Tuesday, February 2, 2010

More knowledge, less certainty

Kevin Trenberth in Nature Reports comments on the next iteration of the IPCC’s work: The climate scientists that comprise the Intergovernmental Panel on Climate Change (IPCC) don't do predictions, or at least they haven't up until now. Instead the scientists of the IPCC have, in the past, made projections of how the future climate could change for a range of 'what-if' emissions scenarios. But for its fifth assessment report, known as AR5 and due out in 2013, the UN panel plans to examine explicit predictions of climate change over the coming decades. In AR5's Working Group I report, which focuses on the physical science of climate change, one chapter will be devoted to assessing the skill of climate predictions for timescales out to about 30 years. These climate forecasts, which should help guide decision-makers on how to plan for and adapt to change, will no doubt receive much attention.

Another chapter will deal with longer-term projections, to 2100 and beyond, using a suite of global models. Many of these models will attempt new and better representations of important climate processes and their feedbacks — in other words, those mechanisms that can amplify or diminish the overall effect of increased incoming radiation. Including these elements will make the models into more realistic simulations of the climate system, but it will also introduce uncertainties.

So here is my prediction: the uncertainty in AR5's climate predictions and projections will be much greater than in previous IPCC reports, primarily because of the factors noted above. This could present a major problem for public understanding of climate change. Is it not a reasonable expectation that as knowledge and understanding increase over time, uncertainty should decrease? But while our knowledge of certain factors does increase, so does our understanding of factors we previously did not account for or even recognize….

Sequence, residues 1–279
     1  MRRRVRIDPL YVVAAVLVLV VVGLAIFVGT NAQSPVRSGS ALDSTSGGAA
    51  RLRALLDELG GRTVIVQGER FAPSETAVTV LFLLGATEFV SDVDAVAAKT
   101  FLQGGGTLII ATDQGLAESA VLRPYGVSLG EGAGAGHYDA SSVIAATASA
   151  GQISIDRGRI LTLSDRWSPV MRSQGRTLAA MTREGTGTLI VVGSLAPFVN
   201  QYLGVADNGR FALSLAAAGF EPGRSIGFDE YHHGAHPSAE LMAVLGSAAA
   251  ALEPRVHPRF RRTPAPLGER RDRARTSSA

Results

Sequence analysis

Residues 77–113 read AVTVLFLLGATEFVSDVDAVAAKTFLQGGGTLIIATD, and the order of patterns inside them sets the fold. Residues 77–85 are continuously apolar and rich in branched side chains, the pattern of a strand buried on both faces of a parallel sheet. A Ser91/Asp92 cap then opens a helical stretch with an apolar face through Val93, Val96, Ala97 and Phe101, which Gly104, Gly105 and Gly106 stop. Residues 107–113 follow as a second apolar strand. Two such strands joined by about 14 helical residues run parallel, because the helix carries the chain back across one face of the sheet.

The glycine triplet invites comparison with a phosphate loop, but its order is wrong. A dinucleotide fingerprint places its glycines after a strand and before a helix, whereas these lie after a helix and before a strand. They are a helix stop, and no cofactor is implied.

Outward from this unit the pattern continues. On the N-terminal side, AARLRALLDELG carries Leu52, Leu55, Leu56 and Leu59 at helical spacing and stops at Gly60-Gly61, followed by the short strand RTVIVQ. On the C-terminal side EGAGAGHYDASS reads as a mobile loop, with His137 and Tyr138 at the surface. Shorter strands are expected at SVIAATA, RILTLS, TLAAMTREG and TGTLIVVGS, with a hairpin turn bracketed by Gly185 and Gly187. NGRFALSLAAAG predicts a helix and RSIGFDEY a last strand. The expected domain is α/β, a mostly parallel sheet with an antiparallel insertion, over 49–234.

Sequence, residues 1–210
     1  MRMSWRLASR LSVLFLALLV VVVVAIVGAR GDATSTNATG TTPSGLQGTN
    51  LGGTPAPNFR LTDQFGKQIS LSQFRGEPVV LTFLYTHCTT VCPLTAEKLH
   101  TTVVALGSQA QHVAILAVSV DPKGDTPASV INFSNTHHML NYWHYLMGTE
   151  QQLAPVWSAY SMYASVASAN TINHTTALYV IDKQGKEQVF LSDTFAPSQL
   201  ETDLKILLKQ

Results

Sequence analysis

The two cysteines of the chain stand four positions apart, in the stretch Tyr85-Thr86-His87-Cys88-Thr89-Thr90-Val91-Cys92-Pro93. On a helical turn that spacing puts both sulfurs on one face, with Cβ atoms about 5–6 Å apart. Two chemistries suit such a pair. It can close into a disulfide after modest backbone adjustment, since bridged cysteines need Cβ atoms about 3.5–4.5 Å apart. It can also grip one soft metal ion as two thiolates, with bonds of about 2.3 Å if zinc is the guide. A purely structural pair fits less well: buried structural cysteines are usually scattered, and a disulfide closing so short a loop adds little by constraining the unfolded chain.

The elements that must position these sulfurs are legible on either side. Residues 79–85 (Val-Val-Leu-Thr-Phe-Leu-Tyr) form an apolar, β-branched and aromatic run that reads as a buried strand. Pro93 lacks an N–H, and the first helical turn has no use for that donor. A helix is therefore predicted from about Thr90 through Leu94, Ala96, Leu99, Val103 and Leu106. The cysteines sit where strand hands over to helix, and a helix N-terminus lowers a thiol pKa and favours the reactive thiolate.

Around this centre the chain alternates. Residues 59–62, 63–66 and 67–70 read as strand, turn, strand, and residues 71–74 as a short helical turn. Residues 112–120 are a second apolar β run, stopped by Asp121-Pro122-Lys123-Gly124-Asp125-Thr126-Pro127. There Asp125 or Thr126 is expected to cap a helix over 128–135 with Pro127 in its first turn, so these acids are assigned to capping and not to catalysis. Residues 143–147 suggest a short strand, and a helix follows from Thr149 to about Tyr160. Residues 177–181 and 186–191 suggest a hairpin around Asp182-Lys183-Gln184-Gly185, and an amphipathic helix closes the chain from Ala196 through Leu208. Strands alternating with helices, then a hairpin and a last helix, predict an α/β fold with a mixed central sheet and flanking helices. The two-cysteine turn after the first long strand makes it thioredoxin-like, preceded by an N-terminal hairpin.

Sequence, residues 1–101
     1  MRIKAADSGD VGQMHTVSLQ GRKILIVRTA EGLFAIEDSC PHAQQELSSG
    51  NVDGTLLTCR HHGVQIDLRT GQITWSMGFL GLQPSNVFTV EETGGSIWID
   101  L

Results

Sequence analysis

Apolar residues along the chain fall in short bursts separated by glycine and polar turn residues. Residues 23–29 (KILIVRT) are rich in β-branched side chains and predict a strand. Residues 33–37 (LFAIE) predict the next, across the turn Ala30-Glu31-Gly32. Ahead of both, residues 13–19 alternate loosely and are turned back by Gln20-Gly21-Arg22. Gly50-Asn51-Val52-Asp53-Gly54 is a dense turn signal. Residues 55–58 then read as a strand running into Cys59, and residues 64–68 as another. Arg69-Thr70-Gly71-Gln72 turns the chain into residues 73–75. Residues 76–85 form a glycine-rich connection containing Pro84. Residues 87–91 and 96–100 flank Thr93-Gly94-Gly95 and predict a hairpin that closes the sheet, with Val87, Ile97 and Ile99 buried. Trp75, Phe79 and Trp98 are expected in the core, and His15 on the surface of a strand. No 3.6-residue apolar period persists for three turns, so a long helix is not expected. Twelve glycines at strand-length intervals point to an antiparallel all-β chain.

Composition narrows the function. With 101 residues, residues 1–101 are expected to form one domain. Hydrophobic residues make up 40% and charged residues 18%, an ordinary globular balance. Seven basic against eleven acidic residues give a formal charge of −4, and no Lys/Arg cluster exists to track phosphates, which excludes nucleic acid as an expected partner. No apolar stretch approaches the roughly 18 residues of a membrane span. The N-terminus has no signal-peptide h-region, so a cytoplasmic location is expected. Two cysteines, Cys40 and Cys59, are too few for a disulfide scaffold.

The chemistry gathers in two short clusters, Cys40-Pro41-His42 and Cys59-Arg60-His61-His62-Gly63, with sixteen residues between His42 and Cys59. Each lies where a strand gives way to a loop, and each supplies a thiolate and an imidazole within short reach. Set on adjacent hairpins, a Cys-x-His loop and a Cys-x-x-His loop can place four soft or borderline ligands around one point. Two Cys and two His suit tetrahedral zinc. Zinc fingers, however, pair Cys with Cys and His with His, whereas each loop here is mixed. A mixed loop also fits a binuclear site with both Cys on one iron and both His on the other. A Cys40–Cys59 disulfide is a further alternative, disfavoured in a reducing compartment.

...It has been said that all models are wrong but some are useful. A climate model is a tool, albeit a very sophisticated one that includes complexity and nonlinearities in ways that are impossible to comprehend analytically. Ideally, a model should encapsulate the state of our knowledge. When that knowledge is incomplete, one strategy is to omit certain complex processes and to assume that they are constant, even when it is known that they cannot be. Adding complexity to a modelled system when the real system is complex is no doubt essential for model development. It may, however, run the risk of turning a useful model into a research tool that is not yet skilful at making predictions....

Model of the late 17th / early 18th century frigate Das Wappen von Bremen (“the Coat of Arms of Bremen”), a convoy ship of the city of Bremen. The model belongs to the yachting club “Das Wappen von Bremen” founded in 1934 and was manufactured by a former member of the club. It is probably not an exact representation of the ship. Shot by Till F. Teenck, Wikimedia Commons, under the Creative Commons Attribution 3.0 Unported license

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